Fingerpointing Correlated Failures in Replicated Systems
USENIX Workshop on Tackling Computer Systems Problems with Machine Learning Techniques (SysML), Cambridge, MA (April 2007).
Soila Pertet, Rajeev Gandhi and Priya Narasimhan
Parallel Data Laboratory
Carnegie Mellon University
Pittsburgh, PA 15213
Replicated systems are often hosted over underlying group communication protocols that provide totally ordered,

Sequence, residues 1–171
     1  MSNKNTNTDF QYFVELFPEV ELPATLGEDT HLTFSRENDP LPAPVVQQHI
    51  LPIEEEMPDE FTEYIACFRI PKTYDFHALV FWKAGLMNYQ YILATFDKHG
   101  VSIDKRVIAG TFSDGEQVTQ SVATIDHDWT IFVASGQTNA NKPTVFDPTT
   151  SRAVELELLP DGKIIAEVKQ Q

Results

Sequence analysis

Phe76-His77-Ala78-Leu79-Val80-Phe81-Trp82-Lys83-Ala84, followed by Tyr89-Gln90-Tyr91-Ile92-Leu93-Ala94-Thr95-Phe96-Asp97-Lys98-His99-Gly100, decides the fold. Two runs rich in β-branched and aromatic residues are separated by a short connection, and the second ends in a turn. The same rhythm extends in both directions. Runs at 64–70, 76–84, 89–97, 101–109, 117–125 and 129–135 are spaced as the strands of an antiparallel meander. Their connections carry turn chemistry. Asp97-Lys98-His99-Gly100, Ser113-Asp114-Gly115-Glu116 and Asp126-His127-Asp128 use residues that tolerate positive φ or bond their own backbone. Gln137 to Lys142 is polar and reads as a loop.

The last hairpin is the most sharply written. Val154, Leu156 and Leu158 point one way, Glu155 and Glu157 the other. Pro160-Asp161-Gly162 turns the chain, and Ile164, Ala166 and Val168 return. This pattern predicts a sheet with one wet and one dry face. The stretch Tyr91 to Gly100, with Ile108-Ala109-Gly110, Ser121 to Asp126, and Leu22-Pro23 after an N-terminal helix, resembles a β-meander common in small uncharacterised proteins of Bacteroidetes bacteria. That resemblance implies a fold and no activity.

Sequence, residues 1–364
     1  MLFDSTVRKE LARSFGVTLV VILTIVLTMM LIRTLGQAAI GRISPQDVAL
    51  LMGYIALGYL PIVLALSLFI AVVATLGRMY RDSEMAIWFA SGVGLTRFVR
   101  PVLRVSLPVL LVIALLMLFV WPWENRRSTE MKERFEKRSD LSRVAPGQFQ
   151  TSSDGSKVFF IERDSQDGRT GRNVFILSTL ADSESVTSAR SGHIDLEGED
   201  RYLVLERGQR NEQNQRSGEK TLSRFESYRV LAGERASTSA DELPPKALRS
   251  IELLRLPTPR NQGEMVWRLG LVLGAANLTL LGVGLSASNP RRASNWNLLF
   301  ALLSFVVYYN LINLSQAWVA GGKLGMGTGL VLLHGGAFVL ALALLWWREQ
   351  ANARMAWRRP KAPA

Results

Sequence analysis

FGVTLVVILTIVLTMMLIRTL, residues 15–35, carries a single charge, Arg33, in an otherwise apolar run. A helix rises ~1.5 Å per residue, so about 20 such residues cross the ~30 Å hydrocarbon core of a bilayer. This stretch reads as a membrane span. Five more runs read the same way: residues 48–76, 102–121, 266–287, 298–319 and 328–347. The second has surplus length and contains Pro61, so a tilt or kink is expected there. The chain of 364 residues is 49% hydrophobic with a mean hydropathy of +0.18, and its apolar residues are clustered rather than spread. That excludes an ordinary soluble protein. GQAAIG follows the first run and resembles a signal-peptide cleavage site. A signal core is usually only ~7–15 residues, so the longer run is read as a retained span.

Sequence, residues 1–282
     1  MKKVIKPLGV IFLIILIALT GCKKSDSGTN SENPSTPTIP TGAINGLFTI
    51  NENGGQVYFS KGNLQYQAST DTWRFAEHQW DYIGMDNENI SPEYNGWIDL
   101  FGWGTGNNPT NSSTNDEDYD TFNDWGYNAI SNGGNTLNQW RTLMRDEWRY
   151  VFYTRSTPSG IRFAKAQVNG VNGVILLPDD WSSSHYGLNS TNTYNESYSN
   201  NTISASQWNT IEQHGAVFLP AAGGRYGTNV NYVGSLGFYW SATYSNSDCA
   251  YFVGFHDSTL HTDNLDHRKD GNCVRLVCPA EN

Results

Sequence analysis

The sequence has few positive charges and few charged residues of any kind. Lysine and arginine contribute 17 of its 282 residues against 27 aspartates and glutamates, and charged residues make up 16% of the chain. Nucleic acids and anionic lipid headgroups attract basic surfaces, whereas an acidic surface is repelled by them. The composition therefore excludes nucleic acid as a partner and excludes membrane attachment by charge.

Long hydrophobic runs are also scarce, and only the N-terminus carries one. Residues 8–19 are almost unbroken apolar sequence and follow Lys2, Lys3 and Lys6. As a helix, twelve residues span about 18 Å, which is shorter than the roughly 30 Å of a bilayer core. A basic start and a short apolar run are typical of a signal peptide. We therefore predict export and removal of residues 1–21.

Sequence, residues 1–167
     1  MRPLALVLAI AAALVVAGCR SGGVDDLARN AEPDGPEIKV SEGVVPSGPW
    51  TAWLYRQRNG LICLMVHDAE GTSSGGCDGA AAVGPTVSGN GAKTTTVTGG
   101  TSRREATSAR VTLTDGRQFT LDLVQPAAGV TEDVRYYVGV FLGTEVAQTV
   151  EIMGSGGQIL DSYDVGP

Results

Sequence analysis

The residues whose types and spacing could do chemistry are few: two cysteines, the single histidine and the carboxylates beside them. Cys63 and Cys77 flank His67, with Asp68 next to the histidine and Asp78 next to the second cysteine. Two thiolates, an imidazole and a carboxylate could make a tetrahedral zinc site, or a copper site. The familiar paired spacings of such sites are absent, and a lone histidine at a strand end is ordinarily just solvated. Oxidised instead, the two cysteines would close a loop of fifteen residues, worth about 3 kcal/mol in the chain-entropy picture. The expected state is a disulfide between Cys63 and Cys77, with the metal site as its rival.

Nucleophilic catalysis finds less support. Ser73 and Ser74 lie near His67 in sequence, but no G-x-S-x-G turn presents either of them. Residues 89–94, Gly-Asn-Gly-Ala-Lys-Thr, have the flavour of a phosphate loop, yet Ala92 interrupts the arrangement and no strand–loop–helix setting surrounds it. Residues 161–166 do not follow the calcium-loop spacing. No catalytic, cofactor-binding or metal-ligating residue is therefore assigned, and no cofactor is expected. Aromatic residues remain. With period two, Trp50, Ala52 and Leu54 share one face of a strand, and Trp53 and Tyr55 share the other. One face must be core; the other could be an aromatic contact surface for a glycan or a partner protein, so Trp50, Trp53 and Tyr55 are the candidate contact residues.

reliable delivery of messages. In the face of a performance problem at a single node, these protocols can cause correlated performance degradations at even non-faulty nodes, leading to potential red herrings in failure diagnosis. We propose a fingerpointing approach that combines node-level (local) anomaly detection, followed by system-wide (global) fingerpointing. The local anomaly detection relies on threshold-based analyses of system metrics, while global fingerpointing is based on the hypothesis that the root-cause of the failure is the node with an “odd-man-out” view of the anomalies. We compare the results of applying three classifiers – a heuristic algorithm, an unsupervised learner (k-means clustering), and a supervised learner (k-nearest-neighbor) – to fingerpoint the faulty node.
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